Space Systems & Space Subsystems

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Space Systems & Space Subsystems

4-Day Course

$2195 per person

Summary

This 4-day course in space systems and space subsystems engineering is for technical and management personnel who wish to gain an understanding of the important technical concepts in the development of space instrumentation, subsystems, and systems. The goal is to assist students in achieving their professional potential by endowing them with an understanding of the basics of subsystems and the supporting disciplines important to developing space instrumentation, space subsystems, and space systems. It designed for participants who expect to plan, design, build, integrate, test, launch, operate or manage subsystems, space systems, launch vehicles, spacecraft, payloads, or ground systems. The objective is to expose each participant to the fundamentals of each subsystem and their inter-relations, to not necessarily make each student a systems engineer, but to give aerospace engineers and managers a technically based space systems perspective. The fundamental concepts are introduced and illustrated by state-of-the-art examples. This course differs from the typical space systems course in that the technical aspects of each important subsystem are addressed. The textbook "Fundamentals of Space Systems" published by Oxford University Press will be provided to all attendees.

  • Basics of systems engineering
  • Fundamentals necessary to become a systems engineer
  • Fundamentals concepts of the design of space systems
  • Managing and minimizing risks in space systems
  • Challenges of developing a space system or complex space instrument
  • Detailed technical description of the major subsystems of a spacecraft

Who Should Attend

Scientists, engineers, and managers involved in the management, planning, design, fabrication, integration, test, or operation of space instruments, space subsystems, and spacecraft. The course will provide an understanding of the space subsystems and disciplines necessary to develop a space instrument and spacecraft and the systems engineering approach to integrate these for a successful mission.

  1. Introduction:

    • Brief discussion of the objectives of the class, the approach, the logistics, and the qualification of Dr Pisacane
  2. Overview of Topics:

    • Overview of the following topics: Systems Engineering. Risk Management. Time Systems. Astrodynamics.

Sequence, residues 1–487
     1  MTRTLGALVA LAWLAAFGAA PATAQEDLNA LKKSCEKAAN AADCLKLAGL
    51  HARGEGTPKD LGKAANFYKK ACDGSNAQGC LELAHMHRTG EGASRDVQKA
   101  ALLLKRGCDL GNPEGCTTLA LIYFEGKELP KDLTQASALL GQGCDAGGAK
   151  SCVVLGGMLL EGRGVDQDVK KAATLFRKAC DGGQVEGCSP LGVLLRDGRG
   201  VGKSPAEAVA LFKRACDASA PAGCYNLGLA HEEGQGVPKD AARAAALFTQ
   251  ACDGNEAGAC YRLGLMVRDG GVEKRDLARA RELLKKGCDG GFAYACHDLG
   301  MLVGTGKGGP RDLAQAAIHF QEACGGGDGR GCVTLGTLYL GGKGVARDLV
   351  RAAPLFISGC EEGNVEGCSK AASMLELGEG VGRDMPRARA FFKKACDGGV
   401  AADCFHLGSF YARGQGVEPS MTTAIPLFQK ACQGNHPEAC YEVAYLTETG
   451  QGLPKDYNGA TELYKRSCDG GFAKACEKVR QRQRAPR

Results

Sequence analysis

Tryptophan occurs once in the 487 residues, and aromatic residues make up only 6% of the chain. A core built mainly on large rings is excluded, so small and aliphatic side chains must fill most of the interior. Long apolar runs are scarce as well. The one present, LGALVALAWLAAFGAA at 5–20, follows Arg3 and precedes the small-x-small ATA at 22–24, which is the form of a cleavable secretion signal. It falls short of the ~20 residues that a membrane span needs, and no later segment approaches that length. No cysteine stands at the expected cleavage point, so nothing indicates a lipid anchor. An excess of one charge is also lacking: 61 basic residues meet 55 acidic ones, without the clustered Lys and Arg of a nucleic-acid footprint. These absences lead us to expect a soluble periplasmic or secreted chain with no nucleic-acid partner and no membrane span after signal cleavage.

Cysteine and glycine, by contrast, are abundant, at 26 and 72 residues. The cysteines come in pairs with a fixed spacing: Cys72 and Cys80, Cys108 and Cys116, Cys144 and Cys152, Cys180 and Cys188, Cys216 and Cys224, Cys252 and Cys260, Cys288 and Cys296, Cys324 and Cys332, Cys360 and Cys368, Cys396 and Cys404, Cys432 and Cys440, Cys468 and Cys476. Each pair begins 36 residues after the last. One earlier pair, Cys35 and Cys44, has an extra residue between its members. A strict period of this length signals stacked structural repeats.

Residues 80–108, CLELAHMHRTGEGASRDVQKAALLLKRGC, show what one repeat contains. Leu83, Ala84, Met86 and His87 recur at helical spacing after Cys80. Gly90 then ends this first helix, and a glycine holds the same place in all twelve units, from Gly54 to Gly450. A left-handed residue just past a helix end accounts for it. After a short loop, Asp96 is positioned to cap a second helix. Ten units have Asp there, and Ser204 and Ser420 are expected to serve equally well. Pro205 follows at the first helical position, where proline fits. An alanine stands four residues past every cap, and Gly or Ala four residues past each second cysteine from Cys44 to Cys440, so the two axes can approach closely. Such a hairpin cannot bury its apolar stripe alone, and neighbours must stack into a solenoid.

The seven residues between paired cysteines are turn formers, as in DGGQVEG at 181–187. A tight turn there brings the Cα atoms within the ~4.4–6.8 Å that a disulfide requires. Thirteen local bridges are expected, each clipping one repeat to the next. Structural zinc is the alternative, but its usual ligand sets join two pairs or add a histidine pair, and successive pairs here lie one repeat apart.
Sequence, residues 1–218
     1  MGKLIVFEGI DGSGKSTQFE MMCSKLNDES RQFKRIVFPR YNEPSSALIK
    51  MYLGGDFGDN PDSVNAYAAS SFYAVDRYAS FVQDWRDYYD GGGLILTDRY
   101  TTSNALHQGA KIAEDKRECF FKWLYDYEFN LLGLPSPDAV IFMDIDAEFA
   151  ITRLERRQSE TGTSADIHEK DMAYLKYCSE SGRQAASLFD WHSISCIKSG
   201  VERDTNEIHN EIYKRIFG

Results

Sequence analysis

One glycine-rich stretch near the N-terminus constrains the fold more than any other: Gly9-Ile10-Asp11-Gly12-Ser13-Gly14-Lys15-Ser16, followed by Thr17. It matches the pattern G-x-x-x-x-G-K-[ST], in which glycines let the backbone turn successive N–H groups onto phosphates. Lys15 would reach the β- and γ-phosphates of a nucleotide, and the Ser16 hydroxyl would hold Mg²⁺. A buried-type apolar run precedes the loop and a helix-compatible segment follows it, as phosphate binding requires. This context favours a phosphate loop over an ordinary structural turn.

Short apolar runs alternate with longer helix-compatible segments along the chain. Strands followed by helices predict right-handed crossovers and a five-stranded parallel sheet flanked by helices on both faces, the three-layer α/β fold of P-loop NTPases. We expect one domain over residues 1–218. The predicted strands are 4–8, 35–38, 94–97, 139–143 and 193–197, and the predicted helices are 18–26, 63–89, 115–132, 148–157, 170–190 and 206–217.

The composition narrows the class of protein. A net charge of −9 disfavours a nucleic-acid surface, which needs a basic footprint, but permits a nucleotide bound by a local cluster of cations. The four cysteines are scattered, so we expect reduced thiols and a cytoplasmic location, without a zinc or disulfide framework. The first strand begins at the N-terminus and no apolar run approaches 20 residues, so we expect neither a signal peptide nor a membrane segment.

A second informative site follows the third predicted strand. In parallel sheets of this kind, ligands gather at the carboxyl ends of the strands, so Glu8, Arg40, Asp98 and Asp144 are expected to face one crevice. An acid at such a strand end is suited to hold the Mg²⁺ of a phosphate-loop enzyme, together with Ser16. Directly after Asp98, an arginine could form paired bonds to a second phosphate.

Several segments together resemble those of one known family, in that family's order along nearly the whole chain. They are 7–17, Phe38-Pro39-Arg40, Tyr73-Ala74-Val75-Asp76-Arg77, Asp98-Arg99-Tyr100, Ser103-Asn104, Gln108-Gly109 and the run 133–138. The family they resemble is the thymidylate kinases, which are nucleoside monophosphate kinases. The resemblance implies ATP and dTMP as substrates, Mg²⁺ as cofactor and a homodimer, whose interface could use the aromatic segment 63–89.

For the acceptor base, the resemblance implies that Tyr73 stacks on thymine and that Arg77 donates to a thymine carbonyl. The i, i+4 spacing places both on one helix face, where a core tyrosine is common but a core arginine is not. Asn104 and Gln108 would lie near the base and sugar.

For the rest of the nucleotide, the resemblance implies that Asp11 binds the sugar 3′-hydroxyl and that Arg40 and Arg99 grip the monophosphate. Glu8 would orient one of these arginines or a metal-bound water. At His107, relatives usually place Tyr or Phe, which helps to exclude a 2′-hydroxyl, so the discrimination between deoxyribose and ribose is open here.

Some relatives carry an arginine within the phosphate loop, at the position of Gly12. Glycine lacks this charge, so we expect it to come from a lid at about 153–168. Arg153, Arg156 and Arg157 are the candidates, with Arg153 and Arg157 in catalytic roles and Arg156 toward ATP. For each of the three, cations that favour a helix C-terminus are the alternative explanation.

• Orbit Determination.
    • Spacecraft Propulsion Systems. Spacecraft Attitude Determination.
    • Spacecraft Attitude Control, Spacecraft Power Systems. Space Communications.
    • Spacecraft Command & Telemetry. Spacecraft Thermal Control.
    • Spacecraft Structures. Mission Operations. Introduction to Cubesats.
    • Mission Operations.
  3. Overview of Selected Systems:

    • Recent Spacecraft missions are discussed to provide an overall perspective of some challenging missions.
    • Cassini-Huygens mission to Saturn.
    • NearEarth Asteroid Rendezvous to the asteroid Eros.
  4. Systems Engineering:

    • Introductory Concepts.
    • Systems Engineering (space engineering standards, development processes).
    • System Development (V diagram, system life cycle, engineering management plan, ICD’s, configuration management, margins and contingencies, TRL’s).
    • Engineering Reviews (attributes and types).
    • System Testing (types, verification and validation).
    • Management of Space Systems (scheduling, budgeting, earned value, cost estimating, cost readiness levels).
  5. Astrodynamics:

    • Introduction.
    • Equations of Motion (Kepler’s laws, differential equation of orbit, sun and moon effects).
    • Conic Sections (circular, elliptical, parabolic, and hyperbolic orbit position determination, ground coverage, Walker constellation, repeating ground tracks).
    • Reference Systems (ICRS, GCRS ITRS, crustal motion, IERS bulletins, geometric transformation).
    • Classical Orbital Elements.
    • Gravitational Potential (models, WGS-84,EGM 2008, planetary models ).
    • Trajectory Perturbations (gravity, drag, radiation pressure, Lagrange planetary equations, orbital maneuvers).
  6. Spacecraft Propulsion Systems:

    • Introduction (Uses, characteristics ,types of rockets).
    • Rocket Propulsion(Chemical rocket, rocket equation of motion, effective exhaust velocity, specific impulse, exhaust velocity, mass flow rate, nozzle shape, deLaval nozzle, aerospike engine, thrust coefficient. characteristic exhaust velocity, mixture ratios, rocket performance, POGO oscillations).
    • Force-Free Rocket Motion (Single-stage rocket, propellant mass required).
    • Launch Vehicles and Flight Mechanics (US launch vehicles, gravity turn trajectory, sample mission profiles, launch site constraints CCAS and VAFB).
    • xample Propulsion Systems (Solid rocket characteristics, solid propellants, grain shapes, liquid rocket types, Cassini propulsion system, hybrid propulsion, nuclear propulsion).